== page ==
Autotomy and Regeneration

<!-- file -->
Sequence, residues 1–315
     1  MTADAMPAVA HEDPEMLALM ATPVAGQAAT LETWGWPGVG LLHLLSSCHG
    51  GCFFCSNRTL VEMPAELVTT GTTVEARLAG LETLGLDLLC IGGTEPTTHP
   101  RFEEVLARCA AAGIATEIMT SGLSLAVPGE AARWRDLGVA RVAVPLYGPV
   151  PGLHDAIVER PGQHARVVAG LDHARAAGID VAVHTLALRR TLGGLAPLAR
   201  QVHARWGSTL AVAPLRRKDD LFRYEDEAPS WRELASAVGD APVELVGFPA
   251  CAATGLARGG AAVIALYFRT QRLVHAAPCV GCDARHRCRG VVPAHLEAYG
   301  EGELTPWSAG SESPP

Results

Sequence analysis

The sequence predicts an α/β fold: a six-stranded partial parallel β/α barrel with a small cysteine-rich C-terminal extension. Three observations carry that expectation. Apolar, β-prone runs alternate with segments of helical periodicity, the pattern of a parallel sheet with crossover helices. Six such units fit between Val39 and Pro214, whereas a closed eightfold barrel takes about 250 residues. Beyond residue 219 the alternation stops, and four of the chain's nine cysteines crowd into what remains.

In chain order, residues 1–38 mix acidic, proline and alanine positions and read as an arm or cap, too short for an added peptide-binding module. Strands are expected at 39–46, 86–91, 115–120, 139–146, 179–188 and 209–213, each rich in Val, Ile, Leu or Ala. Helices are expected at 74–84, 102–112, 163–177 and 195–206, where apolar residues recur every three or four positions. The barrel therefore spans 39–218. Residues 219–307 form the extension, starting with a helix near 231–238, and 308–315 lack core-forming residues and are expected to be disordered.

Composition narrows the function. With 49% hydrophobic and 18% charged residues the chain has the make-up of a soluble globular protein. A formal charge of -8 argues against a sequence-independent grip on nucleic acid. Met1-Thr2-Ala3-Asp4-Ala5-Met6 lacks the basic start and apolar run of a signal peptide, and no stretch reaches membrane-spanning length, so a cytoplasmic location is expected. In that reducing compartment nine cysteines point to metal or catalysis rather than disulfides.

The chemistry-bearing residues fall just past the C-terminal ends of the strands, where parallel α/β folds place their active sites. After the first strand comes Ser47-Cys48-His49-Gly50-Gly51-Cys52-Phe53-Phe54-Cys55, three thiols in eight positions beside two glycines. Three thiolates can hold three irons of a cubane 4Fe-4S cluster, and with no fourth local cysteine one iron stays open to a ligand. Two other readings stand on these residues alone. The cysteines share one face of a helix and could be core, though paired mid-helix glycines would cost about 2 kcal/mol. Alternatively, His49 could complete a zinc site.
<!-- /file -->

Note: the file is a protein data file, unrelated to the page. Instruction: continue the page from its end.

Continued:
Shedding of body parts in self-defense to avert the attention of the predator-enemy or in any other emergency is a type of autotomy (auto: self, tomy: cutting). The most familiar example of autotomy is a breaking off of the tail in the common house lizard between the chordates, but the phenomenon is far much more common among the non-chordates. You have already seen that this takes place is many echinoderms. The star fishes and brittle stars can cast off their arms that can regenerate into whole animals. An extremely interesting case of autotomy followed by regeneration is found in a polychaete annelid worm termed as Chaetopterus. It lives permanently inside a U-shaped parchment tube in the muddy bottom in shallow sea water. If the anterior end of this worm is pulled by a predator a constriction between 12th and 13th segments breaks the body into two pieces. The worm loses its head region to enemy whereas the remaining hind portion is left behind in the U- tube. This hind portion contains the gonads and regenerates the front part needed for normal feeding activity. Chaetopterus has been found to have a remarkable power of regenerating a complete worm from a single isolated body segment that is segment 14.